Dear Commons Community,
Ellen Schrecker, retired professor from Yeshiva university and author of The Lost Promise: American Universities in the 1960s, has a guest essay in The Chronicle of Higher Education entitled, “The 50-Year War on Higher Education.” Her message is that to understand today’s political battles in academia, you need to know how they began going back to the 1960s and 1970s.
Here are two excerpts from her essay:
“We’re under siege in Florida,” said Paul Ortiz, president of the faculty union at the University of Florida. He was responding to the recent firing of the head of the university’s honors program for no apparent reason — unless, as some people speculated, he was fired for overseeing the construction of a new honors dorm that will have gender-neutral bathrooms.
The mysterious firing was only the latest in a series of attacks on higher education in the Sunshine State pushed by its ambitious governor, Ron DeSantis. Besides the highly touted “Don’t Say Gay” law, Florida’s educators must now navigate around measures that ban teaching critical race theory and other “divisive” concepts. They also face threats to eliminate tenure and allow students to film their classes so that they can report on their professors’ political biases.
While Florida is the epicenter of the current political assault on higher education, it is not alone. Over the past two years, legislators in dozens of states introduced nearly 200 measures aimed at limiting how students are taught about racism, sexism, and other forms of oppression in U.S. history. Although primarily directed at K-12 education, colleges are experiencing the chilling effects. McCarthyism persecuted individual professors because of their politics; today’s gag rules threaten to destroy what’s left of academic freedom in public higher education, which has already been weakened by years of economic austerity and political harassment.
To understand what’s happening, you need to see how the backlash against higher education began. You need to trace its roots in the 1960s, its evolution through the culture wars of the 1980s and ‘90s, and into the current populist fray. Then you need to do something about it. Professors, administrators, students, and concerned citizens can no longer stand on the sidelines, shaking our heads and deploring the potentially devastating consequences. The simple truth is this: For decades, outside forces have — both consciously and unintentionally — undermined the integrity and quality of public higher education in America. And time and time again, a divided academic community has failed to combat them effectively. We can and must do better. Seeds of resistance are sprouting. Together, we must nurture their growth. There is no time to lose…
… Higher education might have bounced back from its troubles once the economy did in the 1980s. But a powerful coterie of wealthy businessmen and free-market ideologues sought to delegitimize the university as part of a broader campaign to shrink the state.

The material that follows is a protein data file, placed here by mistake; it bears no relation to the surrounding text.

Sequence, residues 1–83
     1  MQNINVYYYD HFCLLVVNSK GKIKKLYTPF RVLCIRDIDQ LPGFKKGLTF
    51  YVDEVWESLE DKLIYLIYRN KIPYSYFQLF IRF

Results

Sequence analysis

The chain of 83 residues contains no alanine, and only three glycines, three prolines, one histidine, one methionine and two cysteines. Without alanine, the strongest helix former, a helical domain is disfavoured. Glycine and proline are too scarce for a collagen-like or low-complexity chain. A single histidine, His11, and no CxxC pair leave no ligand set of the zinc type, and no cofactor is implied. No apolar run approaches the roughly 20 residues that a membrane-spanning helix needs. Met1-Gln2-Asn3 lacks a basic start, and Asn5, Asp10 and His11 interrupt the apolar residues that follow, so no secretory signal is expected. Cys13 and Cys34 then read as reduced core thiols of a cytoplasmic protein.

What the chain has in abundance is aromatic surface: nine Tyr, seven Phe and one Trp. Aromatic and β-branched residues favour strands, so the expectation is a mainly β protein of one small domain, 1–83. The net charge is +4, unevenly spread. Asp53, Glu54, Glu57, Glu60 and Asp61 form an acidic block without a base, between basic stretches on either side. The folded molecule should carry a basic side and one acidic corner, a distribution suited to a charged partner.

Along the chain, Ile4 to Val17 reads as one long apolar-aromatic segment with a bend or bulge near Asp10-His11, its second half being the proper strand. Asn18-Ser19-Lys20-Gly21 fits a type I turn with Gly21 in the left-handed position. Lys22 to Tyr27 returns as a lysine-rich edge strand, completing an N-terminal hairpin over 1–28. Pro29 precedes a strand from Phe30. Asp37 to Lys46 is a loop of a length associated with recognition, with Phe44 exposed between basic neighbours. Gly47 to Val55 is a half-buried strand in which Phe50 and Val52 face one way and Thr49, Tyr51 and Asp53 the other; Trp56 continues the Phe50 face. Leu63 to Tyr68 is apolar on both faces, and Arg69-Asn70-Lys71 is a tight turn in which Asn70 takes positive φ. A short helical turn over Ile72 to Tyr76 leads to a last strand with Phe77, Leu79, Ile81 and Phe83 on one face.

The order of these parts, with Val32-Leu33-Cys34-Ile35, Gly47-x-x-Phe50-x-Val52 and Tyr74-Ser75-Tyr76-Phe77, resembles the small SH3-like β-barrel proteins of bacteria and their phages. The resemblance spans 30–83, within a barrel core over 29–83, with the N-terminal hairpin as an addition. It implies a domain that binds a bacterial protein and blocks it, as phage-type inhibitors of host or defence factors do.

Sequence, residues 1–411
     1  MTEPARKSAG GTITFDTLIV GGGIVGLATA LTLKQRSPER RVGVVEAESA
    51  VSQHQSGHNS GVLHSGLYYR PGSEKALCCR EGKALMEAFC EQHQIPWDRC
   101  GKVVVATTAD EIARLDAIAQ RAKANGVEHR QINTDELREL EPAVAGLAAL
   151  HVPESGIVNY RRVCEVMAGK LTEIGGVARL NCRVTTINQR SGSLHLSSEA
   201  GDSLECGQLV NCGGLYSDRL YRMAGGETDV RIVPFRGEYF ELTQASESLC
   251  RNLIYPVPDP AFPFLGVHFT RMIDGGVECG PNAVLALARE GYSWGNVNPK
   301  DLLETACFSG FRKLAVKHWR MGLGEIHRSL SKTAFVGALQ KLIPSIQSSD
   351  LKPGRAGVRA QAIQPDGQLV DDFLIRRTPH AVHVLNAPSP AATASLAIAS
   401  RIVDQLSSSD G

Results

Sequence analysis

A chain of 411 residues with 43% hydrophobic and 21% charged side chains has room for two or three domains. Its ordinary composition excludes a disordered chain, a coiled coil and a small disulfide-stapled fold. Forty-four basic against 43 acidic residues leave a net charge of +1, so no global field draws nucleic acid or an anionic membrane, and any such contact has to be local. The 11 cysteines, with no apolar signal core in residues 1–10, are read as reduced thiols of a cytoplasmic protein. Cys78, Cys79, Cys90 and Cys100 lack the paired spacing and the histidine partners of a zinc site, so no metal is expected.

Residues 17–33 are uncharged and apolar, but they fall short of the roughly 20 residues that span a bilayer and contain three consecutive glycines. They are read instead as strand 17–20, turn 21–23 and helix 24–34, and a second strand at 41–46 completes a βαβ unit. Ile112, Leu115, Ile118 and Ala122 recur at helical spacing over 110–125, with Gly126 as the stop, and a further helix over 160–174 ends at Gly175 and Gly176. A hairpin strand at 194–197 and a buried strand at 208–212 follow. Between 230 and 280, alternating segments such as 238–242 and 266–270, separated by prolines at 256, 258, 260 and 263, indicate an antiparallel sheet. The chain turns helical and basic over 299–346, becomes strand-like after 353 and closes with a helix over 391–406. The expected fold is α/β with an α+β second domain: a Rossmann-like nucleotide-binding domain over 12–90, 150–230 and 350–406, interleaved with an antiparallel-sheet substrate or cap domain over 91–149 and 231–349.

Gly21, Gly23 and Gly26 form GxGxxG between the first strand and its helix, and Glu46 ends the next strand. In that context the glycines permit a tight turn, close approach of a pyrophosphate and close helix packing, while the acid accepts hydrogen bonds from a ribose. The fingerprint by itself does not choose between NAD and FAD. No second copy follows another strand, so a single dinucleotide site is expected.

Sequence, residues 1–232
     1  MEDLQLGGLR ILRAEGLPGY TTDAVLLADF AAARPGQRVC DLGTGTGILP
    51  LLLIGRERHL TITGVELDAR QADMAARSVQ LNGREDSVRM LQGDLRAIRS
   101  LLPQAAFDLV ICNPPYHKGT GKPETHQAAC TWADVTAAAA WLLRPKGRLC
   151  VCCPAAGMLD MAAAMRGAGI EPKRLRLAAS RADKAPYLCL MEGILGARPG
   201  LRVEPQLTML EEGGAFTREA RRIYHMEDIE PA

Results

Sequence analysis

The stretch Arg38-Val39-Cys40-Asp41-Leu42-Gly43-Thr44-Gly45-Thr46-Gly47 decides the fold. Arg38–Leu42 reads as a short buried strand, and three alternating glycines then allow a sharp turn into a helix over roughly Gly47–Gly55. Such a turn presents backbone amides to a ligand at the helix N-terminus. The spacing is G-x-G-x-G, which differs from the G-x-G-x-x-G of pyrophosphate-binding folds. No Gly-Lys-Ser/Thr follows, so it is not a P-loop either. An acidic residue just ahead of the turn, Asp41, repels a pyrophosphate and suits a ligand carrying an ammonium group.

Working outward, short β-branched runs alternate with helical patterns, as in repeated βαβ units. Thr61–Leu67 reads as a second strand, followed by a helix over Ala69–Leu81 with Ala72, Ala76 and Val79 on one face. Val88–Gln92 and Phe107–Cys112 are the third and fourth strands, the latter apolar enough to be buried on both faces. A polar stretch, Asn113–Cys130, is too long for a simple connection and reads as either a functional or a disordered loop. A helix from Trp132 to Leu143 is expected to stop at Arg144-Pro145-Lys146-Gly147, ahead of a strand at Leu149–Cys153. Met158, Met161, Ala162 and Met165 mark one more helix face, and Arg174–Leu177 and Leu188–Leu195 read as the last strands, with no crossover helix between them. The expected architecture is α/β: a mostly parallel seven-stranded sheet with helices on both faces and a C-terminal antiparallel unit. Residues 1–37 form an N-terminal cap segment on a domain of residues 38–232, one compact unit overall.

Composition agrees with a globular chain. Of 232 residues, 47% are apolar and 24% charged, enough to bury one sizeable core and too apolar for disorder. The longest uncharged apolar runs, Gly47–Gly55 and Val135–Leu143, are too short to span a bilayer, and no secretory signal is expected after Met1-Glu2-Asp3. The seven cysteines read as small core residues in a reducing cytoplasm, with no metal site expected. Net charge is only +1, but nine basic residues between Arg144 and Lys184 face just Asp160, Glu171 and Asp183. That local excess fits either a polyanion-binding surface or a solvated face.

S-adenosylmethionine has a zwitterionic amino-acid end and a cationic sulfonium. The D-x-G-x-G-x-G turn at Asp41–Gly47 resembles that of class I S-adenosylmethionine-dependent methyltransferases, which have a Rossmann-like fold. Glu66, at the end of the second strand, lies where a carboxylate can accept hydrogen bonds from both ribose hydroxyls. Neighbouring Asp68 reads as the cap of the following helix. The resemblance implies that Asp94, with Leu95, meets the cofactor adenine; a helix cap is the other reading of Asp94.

That plan was laid out in a widely circulated memorandum, written by future Supreme Court Justice Lewis F. Powell Jr. in the summer of 1971, that called on leading businessmen to reshape America’s political culture. Believing that radical students posed an existential threat to the free-enterprise system, Powell urged corporate officials to pay particular attention to higher education. To oust the left from the main institutions of American life, the business community would have to throw vast resources into taking over the media, the legal system, and, of course, the university.
By the time Powell produced his memo, the campaign he espoused was already underway. As works like Nancy MacLean’s 2017 exposé, Democracy in Chains, reveal, a handful of conservative foundations and wealthy individuals were constructing a network of activists and intellectuals to disseminate an anti-statist ideology, while delegitimizing the liberalism that had dominated U.S. political culture since the New Deal. Hundreds of millions of dollars poured into think tanks and publications designed to supply policy makers and the media with expertise that had previously been supplied by mainstream academics.
The conservative foundations also created a shadow academy. They endowed professorships, supported free-market economics departments, and developed programs that pushed the virtues of free enterprise at dozens of universities. Brand-name colleges got their share, but so too did lower-tier regional institutions like Middle Tennessee State University and Virginia’s George Mason University. Funders sought out promising conservative students, subsidizing their publications and political organizations and sponsoring their future careers. By the 1980s, these efforts had created a chorus of seemingly respectable voices delivering a devastating critique of the traditional university.”
Schrecker is correct in her analysis. Higher education is currently under siege from the right but the seeds started decades ago. In my opinion, the Powell Memorandum was most instrumental in lying the groundwork for the “siege.”